Froome took over on the front and Alberto sat on his wheel, knowing where his true threat lie. They dropped Valverde and Aru (who has really been a breath of fresh air this year) as they couldn't match the pace. All the break riders were sucked back and then it was Froome and AC. He tried valiently a few times to get a gap on AC, which wasn't to be. AC didn't look like he was in distress at all, just matching Froome's moves time and time again. And finally just inside the final 1k Froome made his last desperate attempt. AC not only matched it but attacked on his own immediately after Froome dropped to his regular pace.  A small gap quickly opened, to which Froome could only watch. AC stood on the pedals and danced his way to a nice little gap and held it all the way to the line, winning his second stage in grand style, confirming HE was the man. The rest came in exactly the order of the overall GC standings amazingly....Froome, Valverde, JRod and Aru. Can't recall EVER seeing such a finish. I guess it just shows they finished exactly where they belonged.

The short ITT for Stage 21 (very odd that it was SO short) didn't have any real surprises in store, other than the weather kicked up for the final riders as they finished in driving rain and wet roads. This all but sealed the fact that none of the GC guys would even be able to go all out, and they all finished WAY back in the overall standings, but not affecting the GC placements at all.

We can only wonder how this amazing race would have played out had Horner been allowed to race, and if Quintana not crashed out early. Could Horner have matched the top 3 in the climbs? I have no idea, but he claimed his power numbers were good, even with the chest infection. As to Quintana....sure he was going to lose time in the TT to Alberto (and typically Froome, which oddly wasn't the case this year). In the off season he will really have to work on that skill if he wants to be a true GC man for the Grand Tours. That's JRod's crux....he can't TT very well so no matter how awesome he is in the climbs, he loses the race in the TT's. I'd have thought he'd have fixed that by now...maybe he just isn't a TT kind of guy...not everybody is cut out to do well in that discipline.

No matter was a GRAND race from start to end. Sure the video is lacking as compared to it's big rich brother Le Tour...but as Susie has least they are able to show picture in picture...something le Tour needs to learn. I was really warming to the commenting team...don't really know anything about Gogo...but it was mentioned several times he used to race....and he did have great insight...AND he wasn't annoying. I have to wonder if anybody will pick up Jensie (or Horner if he doesn't get a racing contract with somebody) next was a real travesty that he wasn't able to defend his title. That's a very hard blow to a man looking for a contract, Grand Tour winner or not. And with the merging of Giant/Shimano and Trek, well...that's just another team lost for jobs. More bad luck in the pro peleton...and undoubtedly due to the doping past and sponsors shifting their dollars to less volatile sporting arena's where they don't eat their young alive. Such as the NFL...with their squeaky clean image (NOT).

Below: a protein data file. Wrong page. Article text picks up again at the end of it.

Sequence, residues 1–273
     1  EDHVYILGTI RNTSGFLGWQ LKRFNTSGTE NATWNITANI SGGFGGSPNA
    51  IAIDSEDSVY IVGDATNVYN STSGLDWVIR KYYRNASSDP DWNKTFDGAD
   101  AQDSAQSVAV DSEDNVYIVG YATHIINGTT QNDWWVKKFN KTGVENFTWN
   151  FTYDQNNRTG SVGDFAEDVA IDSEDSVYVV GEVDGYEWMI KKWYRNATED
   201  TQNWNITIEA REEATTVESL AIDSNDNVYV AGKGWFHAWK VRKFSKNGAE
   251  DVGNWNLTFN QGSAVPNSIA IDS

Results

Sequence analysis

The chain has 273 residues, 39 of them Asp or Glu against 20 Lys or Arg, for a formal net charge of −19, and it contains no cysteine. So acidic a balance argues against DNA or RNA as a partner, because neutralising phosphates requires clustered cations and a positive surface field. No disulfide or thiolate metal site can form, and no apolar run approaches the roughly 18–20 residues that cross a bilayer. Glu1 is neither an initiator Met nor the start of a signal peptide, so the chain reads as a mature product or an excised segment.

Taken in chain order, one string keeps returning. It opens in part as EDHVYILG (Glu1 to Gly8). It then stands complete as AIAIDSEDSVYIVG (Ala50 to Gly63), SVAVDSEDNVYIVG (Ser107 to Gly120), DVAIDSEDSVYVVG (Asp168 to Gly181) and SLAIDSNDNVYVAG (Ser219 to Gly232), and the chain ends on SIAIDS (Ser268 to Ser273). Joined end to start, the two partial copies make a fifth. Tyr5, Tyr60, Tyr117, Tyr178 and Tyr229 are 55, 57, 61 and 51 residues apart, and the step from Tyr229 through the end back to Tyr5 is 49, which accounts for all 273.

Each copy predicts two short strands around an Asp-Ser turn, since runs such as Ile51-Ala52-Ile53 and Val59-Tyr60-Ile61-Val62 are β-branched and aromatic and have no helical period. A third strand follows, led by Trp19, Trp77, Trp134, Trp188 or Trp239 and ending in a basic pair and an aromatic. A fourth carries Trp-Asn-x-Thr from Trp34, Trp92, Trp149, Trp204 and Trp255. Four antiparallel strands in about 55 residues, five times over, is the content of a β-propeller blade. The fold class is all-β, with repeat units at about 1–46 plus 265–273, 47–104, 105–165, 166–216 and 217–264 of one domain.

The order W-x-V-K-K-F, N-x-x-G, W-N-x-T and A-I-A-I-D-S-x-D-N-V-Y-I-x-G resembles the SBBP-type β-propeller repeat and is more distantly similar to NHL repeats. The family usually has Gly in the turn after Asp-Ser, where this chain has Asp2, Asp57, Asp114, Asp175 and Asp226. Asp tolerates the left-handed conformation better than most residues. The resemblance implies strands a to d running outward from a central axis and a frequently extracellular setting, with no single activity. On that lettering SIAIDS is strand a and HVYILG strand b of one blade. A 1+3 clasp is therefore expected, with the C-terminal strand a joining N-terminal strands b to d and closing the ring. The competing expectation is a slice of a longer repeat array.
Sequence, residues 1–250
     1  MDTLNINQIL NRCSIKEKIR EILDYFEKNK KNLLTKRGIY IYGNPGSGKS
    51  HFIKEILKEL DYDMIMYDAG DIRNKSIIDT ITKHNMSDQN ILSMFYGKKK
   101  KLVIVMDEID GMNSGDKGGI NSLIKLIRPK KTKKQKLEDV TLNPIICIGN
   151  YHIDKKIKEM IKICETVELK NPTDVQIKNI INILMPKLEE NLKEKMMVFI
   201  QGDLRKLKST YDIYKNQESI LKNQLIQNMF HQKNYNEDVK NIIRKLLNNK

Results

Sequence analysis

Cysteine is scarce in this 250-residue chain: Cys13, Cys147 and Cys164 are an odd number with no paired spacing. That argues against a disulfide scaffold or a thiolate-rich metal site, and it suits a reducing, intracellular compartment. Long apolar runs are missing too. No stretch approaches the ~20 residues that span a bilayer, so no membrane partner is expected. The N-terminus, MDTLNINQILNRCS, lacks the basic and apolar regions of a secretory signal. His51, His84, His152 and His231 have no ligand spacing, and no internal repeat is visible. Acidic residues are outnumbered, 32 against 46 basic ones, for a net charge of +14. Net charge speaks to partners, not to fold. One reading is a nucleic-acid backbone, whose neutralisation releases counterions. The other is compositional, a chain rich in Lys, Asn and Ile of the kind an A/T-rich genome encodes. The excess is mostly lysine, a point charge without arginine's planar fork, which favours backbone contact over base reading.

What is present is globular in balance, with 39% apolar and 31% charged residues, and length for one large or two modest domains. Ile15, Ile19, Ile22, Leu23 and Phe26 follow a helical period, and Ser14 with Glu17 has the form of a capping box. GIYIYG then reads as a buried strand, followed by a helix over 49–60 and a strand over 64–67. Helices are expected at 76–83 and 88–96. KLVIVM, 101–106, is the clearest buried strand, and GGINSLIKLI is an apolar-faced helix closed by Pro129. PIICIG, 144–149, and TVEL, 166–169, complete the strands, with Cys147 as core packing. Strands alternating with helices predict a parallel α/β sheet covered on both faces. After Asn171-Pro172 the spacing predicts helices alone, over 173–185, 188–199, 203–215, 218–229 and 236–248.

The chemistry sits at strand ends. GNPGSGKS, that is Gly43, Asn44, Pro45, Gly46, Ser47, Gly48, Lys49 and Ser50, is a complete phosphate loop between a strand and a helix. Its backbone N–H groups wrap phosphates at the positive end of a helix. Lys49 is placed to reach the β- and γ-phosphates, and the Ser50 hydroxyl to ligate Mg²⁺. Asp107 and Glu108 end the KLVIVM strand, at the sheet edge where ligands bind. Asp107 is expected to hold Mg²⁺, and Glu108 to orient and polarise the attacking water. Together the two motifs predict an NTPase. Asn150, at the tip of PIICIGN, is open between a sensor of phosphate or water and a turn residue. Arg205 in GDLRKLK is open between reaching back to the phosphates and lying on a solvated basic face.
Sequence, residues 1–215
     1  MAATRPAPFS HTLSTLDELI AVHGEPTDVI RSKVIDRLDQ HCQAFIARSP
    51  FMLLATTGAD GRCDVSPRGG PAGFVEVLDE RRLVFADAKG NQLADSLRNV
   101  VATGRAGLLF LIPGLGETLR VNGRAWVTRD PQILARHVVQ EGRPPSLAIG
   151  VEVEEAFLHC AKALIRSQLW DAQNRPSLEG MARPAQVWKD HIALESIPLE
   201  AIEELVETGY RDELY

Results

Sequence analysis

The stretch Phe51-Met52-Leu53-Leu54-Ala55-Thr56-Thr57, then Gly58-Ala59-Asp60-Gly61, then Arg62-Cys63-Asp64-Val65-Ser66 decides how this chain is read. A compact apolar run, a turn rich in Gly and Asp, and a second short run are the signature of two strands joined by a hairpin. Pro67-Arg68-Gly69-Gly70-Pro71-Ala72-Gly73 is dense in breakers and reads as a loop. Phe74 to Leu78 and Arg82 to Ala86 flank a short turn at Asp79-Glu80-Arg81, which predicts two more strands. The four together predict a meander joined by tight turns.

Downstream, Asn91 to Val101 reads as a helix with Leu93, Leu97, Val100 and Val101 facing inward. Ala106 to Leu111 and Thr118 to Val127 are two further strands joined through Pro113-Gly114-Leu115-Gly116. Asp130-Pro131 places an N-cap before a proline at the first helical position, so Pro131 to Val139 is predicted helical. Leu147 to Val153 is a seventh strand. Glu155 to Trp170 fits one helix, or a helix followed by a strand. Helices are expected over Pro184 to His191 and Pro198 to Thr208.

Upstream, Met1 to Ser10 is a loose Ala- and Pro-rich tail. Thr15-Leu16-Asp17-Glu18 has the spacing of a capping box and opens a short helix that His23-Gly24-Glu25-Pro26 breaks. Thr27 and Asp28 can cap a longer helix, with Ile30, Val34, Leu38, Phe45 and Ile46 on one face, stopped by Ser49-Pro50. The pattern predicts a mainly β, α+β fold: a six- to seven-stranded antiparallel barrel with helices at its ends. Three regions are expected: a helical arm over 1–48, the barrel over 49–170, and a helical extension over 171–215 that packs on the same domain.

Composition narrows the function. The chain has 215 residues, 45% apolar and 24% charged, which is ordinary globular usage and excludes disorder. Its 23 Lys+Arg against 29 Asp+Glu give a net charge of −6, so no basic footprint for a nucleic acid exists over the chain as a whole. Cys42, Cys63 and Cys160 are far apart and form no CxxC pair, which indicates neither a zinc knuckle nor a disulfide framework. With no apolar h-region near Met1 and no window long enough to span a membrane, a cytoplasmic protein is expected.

And so...the cycling season is almost over. The Worlds are happening as I type....Team BMC with one of my FAVORITE riders (TJ) has claimed the Team Time Trial gold. That it rained and got windy for the final teams had no effect on the outcome (according to TJ....they would have won regardless). Yep...just another reason I don't like that guy. Whether it was true or not, it's VERY boastful and not really in great sportsmanship if you ask me (which nobody has). It's the World Road title that most interests me of course...lots of real contenders for that one...I'd love to see Fabian pull it off...but he will have a very difficult group of contenders to beat to do so.

As to my newest adventure (btw, I'm still working on the backpacking writeup...still need a copy of Greg's pictures before I can finish) this Wednesday morning I'm heading south to the LA area (for work).  I'm to be working with our PTS division  (Payload Transportation Service) picking up and delivering a Govy- spacecraft to Vandenberg for launch later this year. The PTS team has already been down last week and dropped off the GINORMOUS container (called the SCTS...for Space Cargo Transportation System). Effectively this, the largest of our payload containers, is the same size inside as the Space Shuttle cargo bay (which was originally designed to carry government spacecraft into orbit). The SCTS container system is an amazing thing...a totally self contained clean-room environment, self-provided power, temperature, humidity, keep it's MOST precious cargo safe and secure when it's not inside a cleanroom, or inside a fairing for launch, or lastly safely on orbit.